The next step in the gordita pocket sandwich assembly is to stuff the pocket with various sandwich ingredients. The ingredients may include the traditional shredded beef, onions, and chilies or a variety of other tasty ingredients, such as poultry, cheese, vegetables, or guacamole mixtures.

In addition to the bread-wrapped sandwich version, another gordita variety is also popular. A plump patty can be formed using masa harina (corn flour) as the base ingredient. The patty is often topped with additional fresh ingredients, such as bits of peppers, lettuce, and/or salsa. Often sold by street vendors as a small sandwich, the Gordita is a versatile food that can be served as a snack, an appetizer, or as a main meal with a variety of different ingredients.

Gordita after Frying: Used for a Pocket Sandwich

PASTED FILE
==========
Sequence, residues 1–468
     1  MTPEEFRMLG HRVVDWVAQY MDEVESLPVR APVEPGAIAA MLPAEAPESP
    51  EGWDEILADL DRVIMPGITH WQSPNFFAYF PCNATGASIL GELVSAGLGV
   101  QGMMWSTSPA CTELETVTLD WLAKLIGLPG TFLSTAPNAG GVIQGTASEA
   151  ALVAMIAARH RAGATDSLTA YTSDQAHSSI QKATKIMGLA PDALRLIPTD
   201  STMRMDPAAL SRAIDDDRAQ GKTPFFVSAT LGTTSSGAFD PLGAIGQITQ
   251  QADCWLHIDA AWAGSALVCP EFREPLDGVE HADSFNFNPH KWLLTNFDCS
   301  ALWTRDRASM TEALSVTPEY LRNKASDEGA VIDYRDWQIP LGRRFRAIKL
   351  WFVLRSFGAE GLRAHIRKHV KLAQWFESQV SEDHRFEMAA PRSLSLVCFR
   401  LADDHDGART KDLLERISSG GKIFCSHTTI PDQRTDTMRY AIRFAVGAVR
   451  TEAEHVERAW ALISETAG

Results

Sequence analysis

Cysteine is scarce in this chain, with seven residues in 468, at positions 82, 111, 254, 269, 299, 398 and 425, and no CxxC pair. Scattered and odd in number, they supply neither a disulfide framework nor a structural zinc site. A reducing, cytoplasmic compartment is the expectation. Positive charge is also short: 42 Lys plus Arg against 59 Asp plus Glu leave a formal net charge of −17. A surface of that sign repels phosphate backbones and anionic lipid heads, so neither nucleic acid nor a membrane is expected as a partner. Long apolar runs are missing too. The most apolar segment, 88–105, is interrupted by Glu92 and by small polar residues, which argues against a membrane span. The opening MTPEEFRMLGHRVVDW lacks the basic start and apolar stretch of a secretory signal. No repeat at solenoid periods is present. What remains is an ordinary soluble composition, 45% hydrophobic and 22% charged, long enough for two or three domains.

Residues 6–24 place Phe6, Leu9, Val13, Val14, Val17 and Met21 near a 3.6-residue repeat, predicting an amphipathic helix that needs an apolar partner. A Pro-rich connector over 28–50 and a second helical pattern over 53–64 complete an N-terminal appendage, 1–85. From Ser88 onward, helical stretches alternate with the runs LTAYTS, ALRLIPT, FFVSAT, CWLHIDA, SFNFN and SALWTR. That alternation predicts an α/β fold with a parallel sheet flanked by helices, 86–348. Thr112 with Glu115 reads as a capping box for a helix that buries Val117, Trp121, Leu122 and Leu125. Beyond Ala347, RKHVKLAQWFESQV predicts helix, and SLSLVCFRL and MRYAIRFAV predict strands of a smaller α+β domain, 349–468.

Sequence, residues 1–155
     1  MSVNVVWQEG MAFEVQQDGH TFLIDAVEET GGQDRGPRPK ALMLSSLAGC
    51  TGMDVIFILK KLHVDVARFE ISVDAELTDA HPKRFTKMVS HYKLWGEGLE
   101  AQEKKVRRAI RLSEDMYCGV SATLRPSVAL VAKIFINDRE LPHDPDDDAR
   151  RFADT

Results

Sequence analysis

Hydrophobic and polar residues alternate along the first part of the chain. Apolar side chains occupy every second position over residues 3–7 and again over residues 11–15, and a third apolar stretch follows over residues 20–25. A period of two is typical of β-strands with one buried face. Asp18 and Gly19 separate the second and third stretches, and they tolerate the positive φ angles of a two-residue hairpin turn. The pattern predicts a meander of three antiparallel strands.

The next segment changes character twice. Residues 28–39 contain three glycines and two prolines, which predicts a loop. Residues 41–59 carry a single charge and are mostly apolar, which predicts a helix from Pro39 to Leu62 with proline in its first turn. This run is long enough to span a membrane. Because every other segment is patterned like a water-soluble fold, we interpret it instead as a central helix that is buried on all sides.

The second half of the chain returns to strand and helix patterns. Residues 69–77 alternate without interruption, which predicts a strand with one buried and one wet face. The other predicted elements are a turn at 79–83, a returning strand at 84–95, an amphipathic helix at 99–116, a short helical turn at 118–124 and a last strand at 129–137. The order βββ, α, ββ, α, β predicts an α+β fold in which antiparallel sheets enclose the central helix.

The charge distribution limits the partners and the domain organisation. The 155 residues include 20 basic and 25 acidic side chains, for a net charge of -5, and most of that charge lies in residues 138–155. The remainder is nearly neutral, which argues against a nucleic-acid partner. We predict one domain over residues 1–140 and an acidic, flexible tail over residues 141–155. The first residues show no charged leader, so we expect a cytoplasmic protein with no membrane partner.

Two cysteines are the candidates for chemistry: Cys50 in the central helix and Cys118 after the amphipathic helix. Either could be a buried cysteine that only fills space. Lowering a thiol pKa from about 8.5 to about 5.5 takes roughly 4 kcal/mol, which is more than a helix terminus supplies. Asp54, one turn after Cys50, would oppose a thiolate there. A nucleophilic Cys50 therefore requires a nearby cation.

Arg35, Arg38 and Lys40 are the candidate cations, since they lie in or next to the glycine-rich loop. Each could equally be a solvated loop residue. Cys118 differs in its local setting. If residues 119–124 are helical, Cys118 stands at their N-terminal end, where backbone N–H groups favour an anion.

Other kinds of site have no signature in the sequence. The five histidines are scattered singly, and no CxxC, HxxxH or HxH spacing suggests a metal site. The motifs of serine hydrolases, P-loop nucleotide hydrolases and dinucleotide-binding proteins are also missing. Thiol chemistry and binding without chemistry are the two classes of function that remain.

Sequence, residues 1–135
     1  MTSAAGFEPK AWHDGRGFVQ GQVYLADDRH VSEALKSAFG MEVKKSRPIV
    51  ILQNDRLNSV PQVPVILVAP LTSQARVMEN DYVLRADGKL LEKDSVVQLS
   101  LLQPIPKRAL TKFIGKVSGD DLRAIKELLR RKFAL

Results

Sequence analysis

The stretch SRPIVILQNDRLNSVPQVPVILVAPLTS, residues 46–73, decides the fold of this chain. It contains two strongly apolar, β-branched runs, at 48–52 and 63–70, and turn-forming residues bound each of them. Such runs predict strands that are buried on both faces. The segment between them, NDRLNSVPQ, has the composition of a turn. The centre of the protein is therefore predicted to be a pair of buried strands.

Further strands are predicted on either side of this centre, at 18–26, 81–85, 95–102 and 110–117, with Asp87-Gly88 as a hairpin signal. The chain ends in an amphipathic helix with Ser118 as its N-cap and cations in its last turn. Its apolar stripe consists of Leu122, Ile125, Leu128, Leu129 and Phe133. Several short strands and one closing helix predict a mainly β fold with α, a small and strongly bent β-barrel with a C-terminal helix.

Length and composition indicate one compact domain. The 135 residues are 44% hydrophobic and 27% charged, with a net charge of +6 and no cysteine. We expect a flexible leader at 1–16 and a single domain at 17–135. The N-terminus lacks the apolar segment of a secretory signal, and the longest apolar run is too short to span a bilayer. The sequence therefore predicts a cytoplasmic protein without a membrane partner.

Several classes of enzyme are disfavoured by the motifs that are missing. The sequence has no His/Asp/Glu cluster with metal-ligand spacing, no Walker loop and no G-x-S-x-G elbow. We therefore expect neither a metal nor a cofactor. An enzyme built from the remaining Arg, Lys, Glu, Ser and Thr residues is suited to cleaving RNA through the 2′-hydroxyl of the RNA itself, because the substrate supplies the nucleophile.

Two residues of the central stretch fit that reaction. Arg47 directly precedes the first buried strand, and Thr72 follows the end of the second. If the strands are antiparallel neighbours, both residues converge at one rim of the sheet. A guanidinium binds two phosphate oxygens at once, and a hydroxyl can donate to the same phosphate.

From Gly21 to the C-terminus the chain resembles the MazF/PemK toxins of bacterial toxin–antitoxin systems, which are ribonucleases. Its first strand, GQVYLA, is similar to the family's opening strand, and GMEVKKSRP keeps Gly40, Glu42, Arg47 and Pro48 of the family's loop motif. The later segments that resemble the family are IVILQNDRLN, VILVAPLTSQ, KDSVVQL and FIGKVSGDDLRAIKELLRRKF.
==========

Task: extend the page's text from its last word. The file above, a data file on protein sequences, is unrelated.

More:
Gordita Corn Patty

Injera

Country or region of origin: Ethiopia

Type of flour used: teff

Description: Injera is an Ethiopian flat bread that is very thin and somewhat crepe-like in appearance. Made from flour ground from teff, a grain cultivated in Ethiopia, the bread begins as a batter that is poured into a skillet or baking pan and made into a round-shaped flexible flat bread that is baked only on one side. If the batter is allowed to ferment, it becomes a sourdough bread. Injera is a common accompaniment to evening meals in Ethiopia where it is used as a base on which other foods, such as meats, poultry, fish, or vegetables, are piled and then eaten. Injera is also broken apart and used as a wrapping for food pieces or it is often used to scoop stews and gravies directly from a plate.

Italian Flat Bread

Country or region of origin: Italy

Type of flour used: white flour (wheat) - usually bread flour or all-purpose flour

Description: A brittle, cracker-like Italian flat bread made with white flour that is rolled into very thin sheets. It is formed into rounds or rectangles and is often served with olive oil as part of an antipasto course.

Khakhara

Country or region of origin: India

Type of flour used: wheat flour - chapati flour